History remembers, history forgets

Throughout history, there have always been moments that define a generation. For my parents’ generation it was always, Where were you when Kennedy was shot?

Wait. Stop. This woman is writing about a topic she never experienced? Well, yes and no.

It may seem disingenuous for someone not even alive in 1963 to write about the importance of that tragic day in November, whose 50th anniversary we remember this year. But no crime in American history has been as hotly debated as the Kennedy assassination. The idea that the government, or anyone else, could weave an elaborate web to kill someone and then successfully cover it up has always fascinated me.

Luckily for you, public libraries have always prided themselves on being a free resource for information to their citizens. As such we try to collect differing opinions and viewpoints on as many topics as we can. The John F. Kennedy assassination is no different. And since this year marks the 50th anniversary, publishers are flooding the market with books and other materials to feed the need for information of the crime and of the man himself. Here are just a few that caught my attention.

Letters of John F. Kennedy provides a look inside the man who would lead a nation to the moon. No autopsy photographs here, it’s simply JFK’s personal correspondence throughout the years. Beginning with a plea to his parents for a raise in his allowance, the letters are interspersed with historical context to help the reader better understand. Glossy photographs, as well as some facsimile handwritten and typed letters, provide the backdrop for understanding the man who created the Peace Corps and led a nation through the most critical hours of the Cold War.

The Kennedy Half Century by Larry J. Sabato gives a good overview of everything JFK, including the assassination. Again, no graphic autopsy photos, but there are photographs of the funerals of both John and Robert Kennedy. The book also talks about how his not-quite-1,000 day presidency has influenced future generations.

History Will Prove Us Right by Howard P. Willens breaks down the Warren Report and shows that there aren’t as many flaws in it as a conspiracy theorist might hope. Willens is the only living member of the three-person supervisory staff of the Warren Commission and a lot of the source materials are his own journals and notes from his time on the Commission. Included are a plethora of citations and resources that Willens used in researching. If you don’t include the postscript about the staff with whom Willens worked and the notes/index, the book is only 339 pages long. For anyone doubting the conclusions of the Warren Report this shouldn’t be too cumbersome a read.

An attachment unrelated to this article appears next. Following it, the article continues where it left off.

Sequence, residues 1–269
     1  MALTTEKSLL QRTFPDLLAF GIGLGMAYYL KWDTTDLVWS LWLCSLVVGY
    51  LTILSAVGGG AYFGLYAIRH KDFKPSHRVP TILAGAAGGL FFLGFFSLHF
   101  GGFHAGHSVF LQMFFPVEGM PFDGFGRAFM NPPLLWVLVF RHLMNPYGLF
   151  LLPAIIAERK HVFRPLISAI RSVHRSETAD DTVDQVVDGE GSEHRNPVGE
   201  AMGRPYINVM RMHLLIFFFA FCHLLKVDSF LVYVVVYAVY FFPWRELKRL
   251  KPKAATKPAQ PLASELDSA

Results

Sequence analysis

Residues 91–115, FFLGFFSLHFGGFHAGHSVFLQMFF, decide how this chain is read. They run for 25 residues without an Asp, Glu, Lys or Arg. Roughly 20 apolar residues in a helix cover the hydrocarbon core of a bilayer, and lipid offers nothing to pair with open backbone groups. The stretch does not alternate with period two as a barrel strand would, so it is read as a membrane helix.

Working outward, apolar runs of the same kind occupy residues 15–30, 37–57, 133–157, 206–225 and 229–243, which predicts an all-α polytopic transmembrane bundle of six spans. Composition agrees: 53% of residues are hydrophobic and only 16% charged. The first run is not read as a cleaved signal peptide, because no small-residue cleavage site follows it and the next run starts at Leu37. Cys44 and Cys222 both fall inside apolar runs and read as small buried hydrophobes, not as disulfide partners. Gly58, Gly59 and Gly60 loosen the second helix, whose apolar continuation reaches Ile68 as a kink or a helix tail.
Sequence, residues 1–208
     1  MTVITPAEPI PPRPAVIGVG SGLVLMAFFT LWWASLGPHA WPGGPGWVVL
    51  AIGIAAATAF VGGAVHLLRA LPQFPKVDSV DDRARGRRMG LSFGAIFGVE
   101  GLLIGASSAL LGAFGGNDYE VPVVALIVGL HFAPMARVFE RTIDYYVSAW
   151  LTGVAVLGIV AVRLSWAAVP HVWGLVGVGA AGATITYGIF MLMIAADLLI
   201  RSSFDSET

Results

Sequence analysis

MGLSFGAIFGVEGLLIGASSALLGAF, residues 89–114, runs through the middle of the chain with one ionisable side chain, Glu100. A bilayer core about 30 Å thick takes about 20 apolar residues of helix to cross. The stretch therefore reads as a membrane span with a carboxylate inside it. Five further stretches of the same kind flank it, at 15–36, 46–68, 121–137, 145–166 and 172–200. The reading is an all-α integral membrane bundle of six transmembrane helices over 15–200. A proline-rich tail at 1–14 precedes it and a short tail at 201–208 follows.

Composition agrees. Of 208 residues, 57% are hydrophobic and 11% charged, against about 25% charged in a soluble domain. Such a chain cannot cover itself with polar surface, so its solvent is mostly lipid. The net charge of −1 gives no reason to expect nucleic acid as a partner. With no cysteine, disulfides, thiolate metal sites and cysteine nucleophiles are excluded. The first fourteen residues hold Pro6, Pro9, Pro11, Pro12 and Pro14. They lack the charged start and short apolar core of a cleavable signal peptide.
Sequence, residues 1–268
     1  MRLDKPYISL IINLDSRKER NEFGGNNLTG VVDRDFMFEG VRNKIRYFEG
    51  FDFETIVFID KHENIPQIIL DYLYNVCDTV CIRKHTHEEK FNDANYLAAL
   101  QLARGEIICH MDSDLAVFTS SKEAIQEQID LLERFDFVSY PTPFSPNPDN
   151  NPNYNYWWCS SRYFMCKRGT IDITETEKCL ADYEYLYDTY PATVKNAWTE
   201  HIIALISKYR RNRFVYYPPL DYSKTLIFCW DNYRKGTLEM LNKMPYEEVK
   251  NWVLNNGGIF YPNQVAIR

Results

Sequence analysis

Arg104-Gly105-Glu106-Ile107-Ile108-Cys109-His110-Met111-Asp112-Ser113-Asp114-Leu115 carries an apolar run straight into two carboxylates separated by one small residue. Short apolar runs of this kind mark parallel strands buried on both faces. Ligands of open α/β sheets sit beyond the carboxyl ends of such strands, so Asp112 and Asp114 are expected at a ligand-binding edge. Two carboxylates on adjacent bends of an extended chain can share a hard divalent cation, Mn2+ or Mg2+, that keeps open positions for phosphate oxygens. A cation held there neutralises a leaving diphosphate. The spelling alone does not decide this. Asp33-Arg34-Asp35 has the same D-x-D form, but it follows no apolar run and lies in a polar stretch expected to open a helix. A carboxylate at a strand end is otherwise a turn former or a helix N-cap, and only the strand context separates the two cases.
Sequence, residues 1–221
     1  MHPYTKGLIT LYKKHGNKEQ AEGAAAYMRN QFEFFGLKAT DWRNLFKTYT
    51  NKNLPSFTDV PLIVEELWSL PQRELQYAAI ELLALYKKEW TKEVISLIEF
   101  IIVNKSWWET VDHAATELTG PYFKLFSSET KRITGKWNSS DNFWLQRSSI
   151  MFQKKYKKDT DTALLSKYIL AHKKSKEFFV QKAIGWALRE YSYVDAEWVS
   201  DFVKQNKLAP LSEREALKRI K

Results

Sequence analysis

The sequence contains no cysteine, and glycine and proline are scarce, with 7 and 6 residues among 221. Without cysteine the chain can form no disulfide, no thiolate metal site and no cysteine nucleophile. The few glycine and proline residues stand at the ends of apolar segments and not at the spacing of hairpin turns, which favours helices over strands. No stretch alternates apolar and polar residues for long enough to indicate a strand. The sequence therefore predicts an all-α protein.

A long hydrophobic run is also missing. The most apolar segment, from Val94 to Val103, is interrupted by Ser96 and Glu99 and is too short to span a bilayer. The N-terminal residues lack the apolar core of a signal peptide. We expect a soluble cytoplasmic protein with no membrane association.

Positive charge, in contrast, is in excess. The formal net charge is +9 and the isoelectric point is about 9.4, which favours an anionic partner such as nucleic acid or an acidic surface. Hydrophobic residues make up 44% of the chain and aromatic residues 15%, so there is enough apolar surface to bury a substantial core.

The Day Kennedy Was Shot by Jim Bishop was originally published in 1968. It’s an uncensored minute-by-minute account of the entirety of November 22, 1963. Part of the reason it’s been such a successful bestseller is that it not only breaks down the time frame, but also gives voice to so many different people’s perspectives on that fateful day. Also worth checking out is When the News Went Live, which illuminates the experience of the press in Dallas that day and the ways they covered the story as it unfolded.

They Killed Our President by Jesse Ventura intrigues me, even though he’s not exactly my favorite person. Ventura has sixty-three reasons to believe there was a conspiracy to assassinate Kennedy. Told in his signature confrontational style, Ventura does have a significant amount of footnotes backing up his rants, which I love. Remember those missing pieces of evidence and missing witnesses I mentioned? Ventura goes in-depth with each of them, making a pretty strong case for, if not an actual elaborate conspiracy, then a very long trail of coincidences. And who really believes in that many coincidences, anyway?

The Poison Patriarch by Mark Shaw focuses not on why JFK was killed in 1963, but why his brother Robert wasn’t. This book doesn’t hint, but steadily points its accusing finger toward the Mafia, including Jack Ruby’s attorney Melvin Belli and Mafia don Carlos Marcello. Here’s the real reason I selected this book, though:

Mark Shaw’s book…changed my perspective about the assassination.

—Bill Alexander, chief prosecutor of Jack Ruby

Still have questions? Stop by the Main Library at 7pm on Wednesday, November 20th where EVCC history professor Jason Ripper will break down the context and significance of the JFK assassination. And the Evergreen Branch Library has a dynamic display at the checkout desk. It features both newly published and perennial favorites on this, one of the most discussed crimes in American history.

There are countless theories of what really happened that day, who was really behind it all, and what might have been done to cover everything up. While I’m not on board with all theories, I am heavily skeptical that so many inconsistencies should be ignored in favor of a preconceived notion that some guy just went crazy and shot the President. But what do I know? I wasn’t even alive then. Thankfully the library can help steer my fevered brain in the right direction.

So, where were you?

Be sure to visit A Reading Life for more reviews and news of all things happening at the Everett Public Library.

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